The sharing model resulted in huge savings for the sector in terms of capex and opex, and brought in energy efficiencies as well as a significant reduction in carbon footprint including duplication of resources. The model has led to faster geographic rollout, improved quality of service, and lower prices for consumers. Over a period of time, the infrastructure providers gained expertise in their core operations leading to skilled manpower, efficiency in operation and maintenance, and reduced energy expenses. The tower sharing has been the benchmark concept globally and has become a Harvard Business study.

Digital India, smarter cities

The Government of India has embarked upon the Digital India mission; to transform the country into digitally-empowered society and knowledge economy. The mission is to drive economic growth and improve the quality of life of people by enabling local development and harnessing technology that leads to smart outcomes.

Hundred smart cities are being set up with the objective to promote cities that provide core infrastructure and give a decent quality of life to the citizens, a clean and sustainable environment and application of smart solutions. Telecom infrastructure providers have also participated in the smart city programme in Vadodara, New Delhi, Bhopal, and Dehradun.

Rebuilding, reloading and rebooting

The telecom market in India has shrunk from a 10-12 player market to a mature four-player construct. The carrier-neutral tower company model, which hinged on tenant addition, has to be rebuilt, reloaded, and rebooted as well. The market is now data-centric, aided by reduced prices of smartphones, data tariffs, and availability of various kinds of applications and services over the smartphones.

The Indian telecom market today is characterized by high data demand and the market is expected to witness a 5x increase in mobile data traffic during 2019-2024. The bourgeoning data need has given rise to the demand for new infrastructure and services. New generation technology such as 4G, 5G and internet of things (IoT) require formidable network performance, which has triggered the need for diverse infrastructure mix

The growth of macro sites are expected to be modest in the coming years, majorly driven by capacity expansion for data services for 4G services in the immediate term, and later for the 5G launch. Going further, the enhancement of scope for active infrastructure within the IP I registration would prepare the tower companies to embrace emerging opportunities in small cells, Wi-Fi, IoT, fiber-to-the-tower, etc.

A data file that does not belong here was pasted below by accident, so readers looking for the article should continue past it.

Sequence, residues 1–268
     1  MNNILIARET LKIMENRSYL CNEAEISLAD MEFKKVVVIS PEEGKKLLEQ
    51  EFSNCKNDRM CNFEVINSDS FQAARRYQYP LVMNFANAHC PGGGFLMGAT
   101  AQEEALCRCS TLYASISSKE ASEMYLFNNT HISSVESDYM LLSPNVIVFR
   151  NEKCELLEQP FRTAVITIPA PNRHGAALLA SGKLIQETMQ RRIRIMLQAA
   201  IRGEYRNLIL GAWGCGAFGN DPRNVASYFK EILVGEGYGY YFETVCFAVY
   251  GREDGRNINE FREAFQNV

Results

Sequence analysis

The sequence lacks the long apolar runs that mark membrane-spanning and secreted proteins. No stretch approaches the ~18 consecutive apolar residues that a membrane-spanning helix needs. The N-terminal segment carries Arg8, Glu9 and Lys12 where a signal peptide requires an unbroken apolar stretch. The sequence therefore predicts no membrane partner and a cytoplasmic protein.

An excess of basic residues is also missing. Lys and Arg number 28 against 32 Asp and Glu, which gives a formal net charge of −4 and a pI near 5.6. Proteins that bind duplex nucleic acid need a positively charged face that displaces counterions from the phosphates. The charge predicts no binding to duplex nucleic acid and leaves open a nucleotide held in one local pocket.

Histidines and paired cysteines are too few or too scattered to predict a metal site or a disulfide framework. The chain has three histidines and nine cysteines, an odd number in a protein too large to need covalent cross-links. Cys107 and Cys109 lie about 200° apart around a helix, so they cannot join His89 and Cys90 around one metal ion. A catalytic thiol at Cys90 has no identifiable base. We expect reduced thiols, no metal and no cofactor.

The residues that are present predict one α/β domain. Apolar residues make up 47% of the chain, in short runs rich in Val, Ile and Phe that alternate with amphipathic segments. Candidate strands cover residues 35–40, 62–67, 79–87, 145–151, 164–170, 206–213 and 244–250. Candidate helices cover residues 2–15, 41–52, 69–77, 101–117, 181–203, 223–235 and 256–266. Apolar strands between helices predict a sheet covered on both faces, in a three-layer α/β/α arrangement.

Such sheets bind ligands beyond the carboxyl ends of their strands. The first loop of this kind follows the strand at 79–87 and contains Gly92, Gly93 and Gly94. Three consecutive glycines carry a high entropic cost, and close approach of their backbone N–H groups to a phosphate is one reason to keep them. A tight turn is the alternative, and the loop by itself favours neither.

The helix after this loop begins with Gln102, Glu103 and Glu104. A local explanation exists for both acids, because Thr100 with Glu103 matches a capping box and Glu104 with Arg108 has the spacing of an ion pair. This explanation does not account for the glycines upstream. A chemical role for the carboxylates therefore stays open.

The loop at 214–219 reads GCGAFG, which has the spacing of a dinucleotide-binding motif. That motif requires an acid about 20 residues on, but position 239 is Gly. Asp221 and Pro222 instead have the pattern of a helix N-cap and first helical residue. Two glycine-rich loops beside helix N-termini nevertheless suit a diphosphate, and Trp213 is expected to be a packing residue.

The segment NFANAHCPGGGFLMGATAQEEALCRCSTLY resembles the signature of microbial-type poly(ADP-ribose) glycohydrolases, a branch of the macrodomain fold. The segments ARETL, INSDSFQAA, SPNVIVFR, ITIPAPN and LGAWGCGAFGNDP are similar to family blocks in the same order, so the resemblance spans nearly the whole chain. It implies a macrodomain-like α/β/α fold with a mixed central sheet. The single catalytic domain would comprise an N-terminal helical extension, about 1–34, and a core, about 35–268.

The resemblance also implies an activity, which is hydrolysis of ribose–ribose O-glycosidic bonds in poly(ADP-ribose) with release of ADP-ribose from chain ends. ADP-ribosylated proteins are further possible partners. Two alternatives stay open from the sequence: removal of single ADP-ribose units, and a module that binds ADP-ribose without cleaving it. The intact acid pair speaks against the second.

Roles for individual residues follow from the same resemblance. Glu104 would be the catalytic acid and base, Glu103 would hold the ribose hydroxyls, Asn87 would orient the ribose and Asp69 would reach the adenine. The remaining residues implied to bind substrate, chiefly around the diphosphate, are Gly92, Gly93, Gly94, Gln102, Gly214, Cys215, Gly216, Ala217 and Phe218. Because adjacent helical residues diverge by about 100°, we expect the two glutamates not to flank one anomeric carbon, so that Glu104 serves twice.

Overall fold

The telecommunication sector is preparing for the next generation of an ecosystem where data is the mainstream and enabler for the upcoming technologies such as IoT, blockchain, virtual and augmented reality (VR/AR), and artificial intelligence. Keeping in pace with the growing data consumption, the tower companies are reshaping their business models and exploring newer business avenues such as small cells, in building solution, fibre leasing, data centres, and Wi-Fi deployments by leveraging the sharing concept.

The transition of the tower companies from mere infrastructure providers to providers of digital telecom infrastructure will enhance their visibility and demand in the telecom ecosystem value chain as the country ushers into the digital era.

The advent of infrastructure providers’ industry has helped in shaping the growth of the entire ICT ecosystem. Telecom infrastructure is the backbone of Digital India program. Telecom infrastructure providers are going to play a key role in the realisation of transformative and revolutionary initiatives of the government and will foster partnerships under its various programs like Bharatnet and smart city mission to enhance connectivity by creating robust telecom infrastructure. A robust telecom infrastructure will play a key role in seamless connectivity, which is the essence of true digitization.

The ubiquitous rollout of 5G would require mushrooming of small cells and huge backhaul bandwidth which could only be enabled by tower fiberization. Several challenges are being faced by IP1/ TSPs in the states, like the multiplicity of documents, no common uniform policy, coercive threats by local bodies, etc. It remains to be seen how India meets these challenges.

The number of telecom towers required to roll out 5G may be double than the current numbers. 5G would require rollout of small cells as it would be operational on a higher frequency spectrum and therefore, lesser coverage. Small cell rollout may require special provisions for street furniture, government land, and buildings, metros, bridges, etc. In order to be future-ready and for continually developing a robust infrastructure suitable for new generation technology, TAIPA has been engaged with the government and the regulator and has provided its recommendation.

The carrier-neutral tower company model, which hinged on tenant addition, has to be rebuilt, reloaded and rebooted as well.

To summarise, the infrastructure providers are in the transformational mode to support the data-centric growth in telecom services, which would continue to grow as the technology evolves to 5G aided by reduced data prices, smartphones, and mobile applications.

The author T R Dua is Director General of TAIPA